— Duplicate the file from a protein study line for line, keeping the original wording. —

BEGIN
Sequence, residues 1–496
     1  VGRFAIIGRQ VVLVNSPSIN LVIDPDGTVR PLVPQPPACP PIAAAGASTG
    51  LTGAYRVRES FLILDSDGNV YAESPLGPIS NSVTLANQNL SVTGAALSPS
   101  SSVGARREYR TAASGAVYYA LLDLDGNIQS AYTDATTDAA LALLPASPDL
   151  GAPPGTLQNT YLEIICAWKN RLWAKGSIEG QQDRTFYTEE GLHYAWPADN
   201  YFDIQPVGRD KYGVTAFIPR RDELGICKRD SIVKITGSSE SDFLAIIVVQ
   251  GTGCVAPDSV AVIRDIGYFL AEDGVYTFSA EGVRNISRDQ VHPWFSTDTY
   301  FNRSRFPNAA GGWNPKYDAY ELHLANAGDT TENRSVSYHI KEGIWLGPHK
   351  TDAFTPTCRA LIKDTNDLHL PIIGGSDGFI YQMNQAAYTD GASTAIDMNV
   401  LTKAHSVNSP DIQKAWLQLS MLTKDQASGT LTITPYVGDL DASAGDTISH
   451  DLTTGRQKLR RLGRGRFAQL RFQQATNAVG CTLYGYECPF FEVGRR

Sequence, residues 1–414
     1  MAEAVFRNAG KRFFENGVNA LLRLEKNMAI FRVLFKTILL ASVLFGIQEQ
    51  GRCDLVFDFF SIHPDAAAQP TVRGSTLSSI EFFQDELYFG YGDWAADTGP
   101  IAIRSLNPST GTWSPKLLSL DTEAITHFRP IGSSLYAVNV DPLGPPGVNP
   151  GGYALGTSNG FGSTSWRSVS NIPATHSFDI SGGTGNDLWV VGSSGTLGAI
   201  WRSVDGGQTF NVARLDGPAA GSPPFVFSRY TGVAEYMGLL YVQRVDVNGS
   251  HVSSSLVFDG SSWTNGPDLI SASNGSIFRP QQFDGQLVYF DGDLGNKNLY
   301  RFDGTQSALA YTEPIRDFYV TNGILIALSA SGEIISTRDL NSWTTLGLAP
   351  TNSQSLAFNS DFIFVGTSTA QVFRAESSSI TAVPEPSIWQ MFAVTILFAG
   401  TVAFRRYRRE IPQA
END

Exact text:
Sequence, residues 1–496
     1  VGRFAIIGRQ VVLVNSPSIN LVIDPDGTVR PLVPQPPACP PIAAAGASTG
    51  LTGAYRVRES FLILDSDGNV YAESPLGPIS NSVTLANQNL SVTGAALSPS
   101  SSVGARREYR TAASGAVYYA LLDLDGNIQS AYTDATTDAA LALLPASPDL
   151  GAPPGTLQNT YLEIICAWKN RLWAKGSIEG QQDRTFYTEE GLHYAWPADN
   201  YFDIQPVGRD KYGVTAFIPR RDELGICKRD SIVKITGSSE SDFLAIIVVQ
   251  GTGCVAPDSV AVIRDIGYFL AEDGVYTFSA EGVRNISRDQ VHPWFSTDTY
   301  FNRSRFPNAA GGWNPKYDAY ELHLANAGDT TENRSVSYHI KEGIWLGPHK
   351  TDAFTPTCRA LIKDTNDLHL PIIGGSDGFI YQMNQAAYTD GASTAIDMNV
   401  LTKAHSVNSP DIQKAWLQLS MLTKDQASGT LTITPYVGDL DASAGDTISH
   451  DLTTGRQKLR RLGRGRFAQL RFQQATNAVG CTLYGYECPF FEVGRR

Sequence, residues 1–414
     1  MAEAVFRNAG KRFFENGVNA LLRLEKNMAI FRVLFKTILL ASVLFGIQEQ
    51  GRCDLVFDFF SIHPDAAAQP TVRGSTLSSI EFFQDELYFG YGDWAADTGP
   101  IAIRSLNPST GTWSPKLLSL DTEAITHFRP IGSSLYAVNV DPLGPPGVNP
   151  GGYALGTSNG FGSTSWRSVS NIPATHSFDI SGGTGNDLWV VGSSGTLGAI
   201  WRSVDGGQTF NVARLDGPAA GSPPFVFSRY TGVAEYMGLL YVQRVDVNGS
   251  HVSSSLVFDG SSWTNGPDLI SASNGSIFRP QQFDGQLVYF DGDLGNKNLY
   301  RFDGTQSALA YTEPIRDFYV TNGILIALSA SGEIISTRDL NSWTTLGLAP
   351  TNSQSLAFNS DFIFVGTSTA QVFRAESSSI TAVPEPSIWQ MFAVTILFAG
   401  TVAFRRYRRE IPQA